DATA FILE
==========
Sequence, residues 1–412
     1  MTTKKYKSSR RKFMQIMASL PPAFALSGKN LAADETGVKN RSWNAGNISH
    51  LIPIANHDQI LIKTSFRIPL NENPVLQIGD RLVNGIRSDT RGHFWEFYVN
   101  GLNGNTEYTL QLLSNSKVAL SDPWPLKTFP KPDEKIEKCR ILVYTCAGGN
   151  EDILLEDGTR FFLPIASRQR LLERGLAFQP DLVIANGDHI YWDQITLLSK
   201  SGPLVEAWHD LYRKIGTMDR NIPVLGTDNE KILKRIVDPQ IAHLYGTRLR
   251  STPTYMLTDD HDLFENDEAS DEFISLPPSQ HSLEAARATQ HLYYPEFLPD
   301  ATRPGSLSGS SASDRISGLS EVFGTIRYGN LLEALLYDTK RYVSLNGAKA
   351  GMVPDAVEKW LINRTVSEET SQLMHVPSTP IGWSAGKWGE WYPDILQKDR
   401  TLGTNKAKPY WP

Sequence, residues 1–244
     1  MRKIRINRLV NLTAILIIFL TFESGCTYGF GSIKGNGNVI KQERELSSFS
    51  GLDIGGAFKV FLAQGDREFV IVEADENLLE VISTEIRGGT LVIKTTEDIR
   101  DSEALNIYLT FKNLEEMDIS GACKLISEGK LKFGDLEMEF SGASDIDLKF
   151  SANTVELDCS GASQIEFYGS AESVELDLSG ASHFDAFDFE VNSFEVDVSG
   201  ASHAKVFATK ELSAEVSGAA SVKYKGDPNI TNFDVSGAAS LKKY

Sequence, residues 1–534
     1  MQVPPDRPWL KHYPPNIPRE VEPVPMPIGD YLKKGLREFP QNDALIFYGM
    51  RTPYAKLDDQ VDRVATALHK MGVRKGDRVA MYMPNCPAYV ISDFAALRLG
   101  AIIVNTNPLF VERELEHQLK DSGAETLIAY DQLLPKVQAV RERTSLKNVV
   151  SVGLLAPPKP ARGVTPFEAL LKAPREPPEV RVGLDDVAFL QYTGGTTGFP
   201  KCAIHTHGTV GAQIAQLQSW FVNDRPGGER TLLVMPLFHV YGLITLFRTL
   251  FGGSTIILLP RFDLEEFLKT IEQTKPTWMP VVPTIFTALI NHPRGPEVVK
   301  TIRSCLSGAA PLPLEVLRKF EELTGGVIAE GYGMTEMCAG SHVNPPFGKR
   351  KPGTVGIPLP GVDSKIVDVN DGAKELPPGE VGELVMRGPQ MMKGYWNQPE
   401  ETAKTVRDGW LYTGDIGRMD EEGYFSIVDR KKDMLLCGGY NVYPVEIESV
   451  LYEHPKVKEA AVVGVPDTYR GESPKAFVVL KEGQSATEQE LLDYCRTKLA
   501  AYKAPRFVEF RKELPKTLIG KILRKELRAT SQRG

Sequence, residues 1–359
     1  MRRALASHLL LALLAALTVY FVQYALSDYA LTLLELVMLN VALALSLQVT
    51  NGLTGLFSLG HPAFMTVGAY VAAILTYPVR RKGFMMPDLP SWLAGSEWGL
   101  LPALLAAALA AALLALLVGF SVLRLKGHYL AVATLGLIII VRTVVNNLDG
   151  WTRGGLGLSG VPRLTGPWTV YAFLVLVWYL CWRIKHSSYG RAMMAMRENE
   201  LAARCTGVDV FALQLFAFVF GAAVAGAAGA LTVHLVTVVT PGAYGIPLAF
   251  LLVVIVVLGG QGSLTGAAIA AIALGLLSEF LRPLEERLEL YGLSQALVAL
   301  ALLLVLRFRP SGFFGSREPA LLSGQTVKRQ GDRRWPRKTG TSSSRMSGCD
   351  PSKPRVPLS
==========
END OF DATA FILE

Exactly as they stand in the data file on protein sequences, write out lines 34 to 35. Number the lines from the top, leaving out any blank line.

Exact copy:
   201  LAARCTGVDV FALQLFAFVF GAAVAGAAGA LTVHLVTVVT PGAYGIPLAF
   251  LLVVIVVLGG QGSLTGAAIA AIALGLLSEF LRPLEERLEL YGLSQALVAL